Background/objectives: Community-based elderly studies concerning microbiology of acute respiratory infections are scarce. Data on subclinical infections are even totally absent, although asymptomatic persons might act as a source of respiratory infections.
Methods: In a 1-year community-based study, we prospectively investigated the possible virologic cause of acute respiratory infections in 107 symptomatic case episodes and 91 symptom-free control periods. Participants, persons >/=60 years, reported daily the presence of respiratory symptoms in a diary. Virologic assessment was performed by polymerase chain reaction (PCR) and serology.
Results: In 58% of the case episodes a pathogen was demonstrated, the most common being rhinoviruses (32%), coronaviruses (17%), and influenzaviruses (7%). The odds ratio for demonstrating a virus in cases with symptoms vs. controls without symptoms was 30.0 (95% confidence interval 10.2-87.6). In 4% of the symptom-free control periods a virus was detected.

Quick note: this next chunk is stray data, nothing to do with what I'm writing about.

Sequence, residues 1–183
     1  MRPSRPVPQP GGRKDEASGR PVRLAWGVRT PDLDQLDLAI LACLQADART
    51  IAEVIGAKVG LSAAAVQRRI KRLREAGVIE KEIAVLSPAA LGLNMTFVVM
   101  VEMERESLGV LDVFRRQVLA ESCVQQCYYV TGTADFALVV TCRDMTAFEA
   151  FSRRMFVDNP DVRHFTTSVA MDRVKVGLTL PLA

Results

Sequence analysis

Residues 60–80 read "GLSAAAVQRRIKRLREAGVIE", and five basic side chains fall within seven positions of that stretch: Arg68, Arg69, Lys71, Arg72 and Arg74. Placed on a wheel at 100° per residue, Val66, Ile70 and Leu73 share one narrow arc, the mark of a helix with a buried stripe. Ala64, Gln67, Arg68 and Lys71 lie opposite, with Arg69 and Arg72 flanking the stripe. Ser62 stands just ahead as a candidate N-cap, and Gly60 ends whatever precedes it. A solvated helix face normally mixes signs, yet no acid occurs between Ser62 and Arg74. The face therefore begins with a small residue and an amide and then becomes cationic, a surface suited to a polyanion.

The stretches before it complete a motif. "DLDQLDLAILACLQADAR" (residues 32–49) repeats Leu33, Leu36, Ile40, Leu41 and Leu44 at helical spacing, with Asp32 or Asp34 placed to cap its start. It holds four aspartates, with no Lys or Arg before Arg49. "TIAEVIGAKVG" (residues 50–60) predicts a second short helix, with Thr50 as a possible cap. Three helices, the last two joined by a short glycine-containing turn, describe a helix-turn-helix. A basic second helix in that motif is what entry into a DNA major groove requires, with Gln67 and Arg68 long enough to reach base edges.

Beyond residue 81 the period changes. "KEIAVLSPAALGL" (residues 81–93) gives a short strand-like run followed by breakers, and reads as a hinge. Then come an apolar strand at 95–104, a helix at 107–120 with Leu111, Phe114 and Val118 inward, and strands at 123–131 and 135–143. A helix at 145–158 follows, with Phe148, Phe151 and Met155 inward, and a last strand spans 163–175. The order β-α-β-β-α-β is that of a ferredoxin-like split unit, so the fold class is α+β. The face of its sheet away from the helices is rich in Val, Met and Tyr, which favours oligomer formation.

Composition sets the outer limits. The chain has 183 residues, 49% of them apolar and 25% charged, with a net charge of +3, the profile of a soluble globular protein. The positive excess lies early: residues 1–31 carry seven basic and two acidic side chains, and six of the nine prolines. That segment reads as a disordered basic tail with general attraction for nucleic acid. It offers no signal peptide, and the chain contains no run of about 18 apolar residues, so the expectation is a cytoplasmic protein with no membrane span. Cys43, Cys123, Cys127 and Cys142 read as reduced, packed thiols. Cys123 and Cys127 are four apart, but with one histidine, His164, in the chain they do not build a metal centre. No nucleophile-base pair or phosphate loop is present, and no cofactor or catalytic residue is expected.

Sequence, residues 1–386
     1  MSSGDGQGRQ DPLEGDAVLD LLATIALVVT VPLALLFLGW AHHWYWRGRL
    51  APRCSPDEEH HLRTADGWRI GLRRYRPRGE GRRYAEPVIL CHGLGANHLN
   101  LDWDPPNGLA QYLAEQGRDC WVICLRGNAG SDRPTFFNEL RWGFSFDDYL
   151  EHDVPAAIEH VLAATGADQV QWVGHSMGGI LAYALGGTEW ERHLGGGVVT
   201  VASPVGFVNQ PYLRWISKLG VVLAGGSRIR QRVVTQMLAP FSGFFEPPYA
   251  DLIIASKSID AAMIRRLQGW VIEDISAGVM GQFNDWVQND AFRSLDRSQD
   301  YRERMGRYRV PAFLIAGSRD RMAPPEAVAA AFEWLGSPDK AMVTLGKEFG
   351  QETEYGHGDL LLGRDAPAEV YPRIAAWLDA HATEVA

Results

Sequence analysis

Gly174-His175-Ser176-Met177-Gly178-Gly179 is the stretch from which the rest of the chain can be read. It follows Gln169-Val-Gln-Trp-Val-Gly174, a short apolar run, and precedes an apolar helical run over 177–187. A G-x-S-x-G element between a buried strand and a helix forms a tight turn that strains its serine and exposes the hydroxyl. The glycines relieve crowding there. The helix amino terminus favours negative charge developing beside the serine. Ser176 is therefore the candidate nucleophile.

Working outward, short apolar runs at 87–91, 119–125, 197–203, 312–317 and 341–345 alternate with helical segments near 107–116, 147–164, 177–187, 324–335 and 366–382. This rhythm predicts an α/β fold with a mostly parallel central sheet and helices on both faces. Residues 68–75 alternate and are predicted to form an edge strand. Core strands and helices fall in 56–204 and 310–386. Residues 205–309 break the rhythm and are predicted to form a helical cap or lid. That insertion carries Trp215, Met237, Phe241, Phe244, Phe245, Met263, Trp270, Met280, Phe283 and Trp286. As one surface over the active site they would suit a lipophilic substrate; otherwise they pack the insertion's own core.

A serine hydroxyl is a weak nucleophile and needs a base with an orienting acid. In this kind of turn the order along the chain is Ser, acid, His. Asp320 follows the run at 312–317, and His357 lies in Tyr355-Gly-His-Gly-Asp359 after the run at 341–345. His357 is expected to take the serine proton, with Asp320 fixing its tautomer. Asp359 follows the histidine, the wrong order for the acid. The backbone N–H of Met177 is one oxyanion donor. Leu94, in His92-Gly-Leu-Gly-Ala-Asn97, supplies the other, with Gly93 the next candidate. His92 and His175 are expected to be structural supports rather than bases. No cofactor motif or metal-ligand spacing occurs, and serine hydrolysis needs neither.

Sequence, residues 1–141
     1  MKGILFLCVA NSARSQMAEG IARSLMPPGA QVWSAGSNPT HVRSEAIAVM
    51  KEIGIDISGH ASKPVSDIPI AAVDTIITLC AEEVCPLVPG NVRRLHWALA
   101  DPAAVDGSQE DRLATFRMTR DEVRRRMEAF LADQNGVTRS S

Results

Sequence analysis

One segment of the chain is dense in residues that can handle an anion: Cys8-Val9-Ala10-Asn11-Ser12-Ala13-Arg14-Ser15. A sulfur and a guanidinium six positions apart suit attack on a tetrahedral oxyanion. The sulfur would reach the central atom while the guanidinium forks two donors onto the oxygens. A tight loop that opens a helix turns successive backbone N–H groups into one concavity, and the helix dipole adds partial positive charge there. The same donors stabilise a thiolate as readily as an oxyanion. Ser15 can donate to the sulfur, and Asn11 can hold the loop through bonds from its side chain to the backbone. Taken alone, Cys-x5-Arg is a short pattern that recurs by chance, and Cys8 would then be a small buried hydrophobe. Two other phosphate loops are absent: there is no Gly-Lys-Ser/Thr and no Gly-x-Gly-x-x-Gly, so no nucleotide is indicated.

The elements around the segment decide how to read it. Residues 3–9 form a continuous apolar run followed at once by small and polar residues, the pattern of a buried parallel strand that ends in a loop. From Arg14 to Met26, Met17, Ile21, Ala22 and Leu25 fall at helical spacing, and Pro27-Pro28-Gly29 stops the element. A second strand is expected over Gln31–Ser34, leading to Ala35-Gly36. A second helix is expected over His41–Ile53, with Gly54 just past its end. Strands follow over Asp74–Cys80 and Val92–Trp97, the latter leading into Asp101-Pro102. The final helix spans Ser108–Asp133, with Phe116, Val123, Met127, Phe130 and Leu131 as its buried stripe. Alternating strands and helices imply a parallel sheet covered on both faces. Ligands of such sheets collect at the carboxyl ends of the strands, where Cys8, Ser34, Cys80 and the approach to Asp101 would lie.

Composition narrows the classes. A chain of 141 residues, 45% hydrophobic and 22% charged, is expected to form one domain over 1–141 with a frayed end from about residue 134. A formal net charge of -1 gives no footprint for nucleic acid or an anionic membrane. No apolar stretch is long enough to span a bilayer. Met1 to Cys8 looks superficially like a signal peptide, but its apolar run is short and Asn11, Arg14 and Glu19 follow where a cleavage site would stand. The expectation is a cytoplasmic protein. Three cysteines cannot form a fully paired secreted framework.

Conclusions: This study supports the importance of rhinovirus infections in community-dwelling elderly persons, whereas asymptomatic elderly persons can also harbor pathogens as detected by PCR, and thus might be a source of infection for their environment.